American Modern Contemporary composer Martin Bresnick [born 1946] has written at least three string quartets. As with most contemporary composers, and especially academics, of which Bresnick is one, he has written music in many styles.
The Third Quartet, written in1992, begins with a brilliant slow movement, marked Calmo Risoluto Teneramente – make of that what you will. It translates from Italian as Calm Resolute Tenderly, which is surely a meaningful composer direction. A sparse section of sustained brass-like chords eases into the work, there is no melody here, just the most wonderful soundscape. Slowly, slight changes to the harmonies begin to unfold and eventually, there is a sense of melody over the chords. As stronger melodies take shape, the feeling is almost spiritual, with the violins probing, sometimes even in a modal fashion. The sustained chords have dissipated now and some sharp interjections against a walking, pizzicato cello line create a fine mood. Nearing the end, the feeling is so sweet and light as the violins investigate pleasing, sparse melodies which eventually fade to an end. I found this movement to be very special, with a rare quality of uniquity – simply marvellous.
This is followed by a movement marked Feroce Cascando – Google had a little trouble working out which language this was, but I think that ‘fierce’ is the operative term – although it may be a little strong for the music as I hear it. Powerful, harmonised violin lines compete and glissandos and other string sound effects abound in this propulsive opening. A sudden pause leads to a violin expressing seemingly random phrases, over a very quiet, slightly rhythmic accompaniment. The intensity of the prominent violin increases, almost to a breaking point in a strong solo passage. A slight easing of the pressure leads to an unusually long violin tone, which fades out.
The final movement is marked Pensieri Oscuri le Stelle, which again, is slightly ambiguous – I’m going with ‘Dark Thought the Stars’. A lone lamenting violin leads into a tender, harmonised, very sparse section. Then follows an increased sense of activity as two violins engage in a moderately dissonant dialogue, which eventually moves into a rhythmic phase with ensemble accompaniment. A sudden increase in tempo causes the intensity to lighten, but not for long. There is a return to a violin duet, with powerful, harsh phrases a feature. Now a shrill solo violin crafts a beautiful melodic passage and the second violin contributes in a lower register. For a time, the music is barely audible with minimal violin phrases, eventually becoming a succession of long tones, which brings the work to a faded conclusion.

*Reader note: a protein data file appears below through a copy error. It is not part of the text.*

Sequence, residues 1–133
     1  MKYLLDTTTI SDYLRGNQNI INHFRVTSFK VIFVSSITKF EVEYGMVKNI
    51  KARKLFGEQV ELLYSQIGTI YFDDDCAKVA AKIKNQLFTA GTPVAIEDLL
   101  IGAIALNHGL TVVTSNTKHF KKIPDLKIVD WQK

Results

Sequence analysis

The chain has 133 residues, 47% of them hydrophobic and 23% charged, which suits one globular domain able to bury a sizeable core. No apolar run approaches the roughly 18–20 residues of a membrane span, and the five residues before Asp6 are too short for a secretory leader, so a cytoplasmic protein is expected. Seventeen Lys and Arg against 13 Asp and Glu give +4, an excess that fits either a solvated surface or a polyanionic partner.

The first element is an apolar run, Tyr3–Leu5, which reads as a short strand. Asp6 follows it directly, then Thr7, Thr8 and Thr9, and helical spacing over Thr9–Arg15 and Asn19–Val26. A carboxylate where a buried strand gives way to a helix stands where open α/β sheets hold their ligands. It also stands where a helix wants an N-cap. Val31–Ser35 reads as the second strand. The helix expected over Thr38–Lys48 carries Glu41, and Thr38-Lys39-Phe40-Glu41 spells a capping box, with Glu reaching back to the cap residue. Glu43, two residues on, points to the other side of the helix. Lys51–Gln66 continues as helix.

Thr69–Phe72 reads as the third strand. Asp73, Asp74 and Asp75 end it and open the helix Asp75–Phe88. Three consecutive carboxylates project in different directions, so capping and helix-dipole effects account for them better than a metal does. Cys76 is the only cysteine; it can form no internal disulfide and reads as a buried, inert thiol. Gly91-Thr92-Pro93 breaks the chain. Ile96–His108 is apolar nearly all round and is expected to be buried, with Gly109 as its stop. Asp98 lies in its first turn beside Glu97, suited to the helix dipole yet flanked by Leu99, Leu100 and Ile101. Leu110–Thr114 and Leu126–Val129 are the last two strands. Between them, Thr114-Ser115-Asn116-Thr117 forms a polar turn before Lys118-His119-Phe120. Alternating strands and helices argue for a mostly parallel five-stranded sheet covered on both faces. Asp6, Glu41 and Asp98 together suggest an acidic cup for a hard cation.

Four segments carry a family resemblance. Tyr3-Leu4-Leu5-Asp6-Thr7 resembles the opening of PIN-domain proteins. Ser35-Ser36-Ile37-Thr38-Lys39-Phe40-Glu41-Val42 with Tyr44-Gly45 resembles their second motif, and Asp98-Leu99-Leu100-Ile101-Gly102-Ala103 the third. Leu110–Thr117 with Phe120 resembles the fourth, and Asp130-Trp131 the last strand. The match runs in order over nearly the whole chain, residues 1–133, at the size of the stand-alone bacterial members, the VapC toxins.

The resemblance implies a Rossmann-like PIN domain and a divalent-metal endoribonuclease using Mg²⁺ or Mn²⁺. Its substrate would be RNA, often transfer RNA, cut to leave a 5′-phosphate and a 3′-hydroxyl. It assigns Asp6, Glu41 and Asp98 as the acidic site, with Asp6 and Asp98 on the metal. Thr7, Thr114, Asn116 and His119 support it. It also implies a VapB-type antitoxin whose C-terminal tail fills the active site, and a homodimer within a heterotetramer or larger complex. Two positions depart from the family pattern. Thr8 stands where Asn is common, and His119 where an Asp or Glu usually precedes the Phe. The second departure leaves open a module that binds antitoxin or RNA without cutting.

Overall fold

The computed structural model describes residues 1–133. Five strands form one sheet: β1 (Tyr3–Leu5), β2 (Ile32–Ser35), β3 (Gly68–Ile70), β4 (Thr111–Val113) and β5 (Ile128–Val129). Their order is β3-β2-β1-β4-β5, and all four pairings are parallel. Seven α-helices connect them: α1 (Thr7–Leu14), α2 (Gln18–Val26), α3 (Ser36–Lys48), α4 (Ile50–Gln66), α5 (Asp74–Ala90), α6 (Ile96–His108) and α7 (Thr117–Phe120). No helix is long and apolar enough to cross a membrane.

The review CD, Martin Bresnick – Music for Strings, on New World Records/Composers Recordings also contains the five named-movement String Quartet No. 2, written in 1984 and titled Bucephalus – the name of Alexander the Great’s legendary horse, together with another fascinating work, Wir Weben, Wir Weben (We weave) for String Sextet. These three pieces are all performed by different ensembles.
Unfortunately, this disc is not freely available, except as a download from Amazon US and UK. However I have come across a copy at Arkiv Music. I recently picked up a new and used copy via Amazon US.
The CD is on Spotify, together with a version of the Second Quartet performed by the Flux Quartet. YouTube and earsense have versions of both Quartets Nos. 2 and 3 but I find the Third Quartet to be way too confronting – it is just so different from the review CD.
Listenability: Mildly confronting work with a stunning slow movement.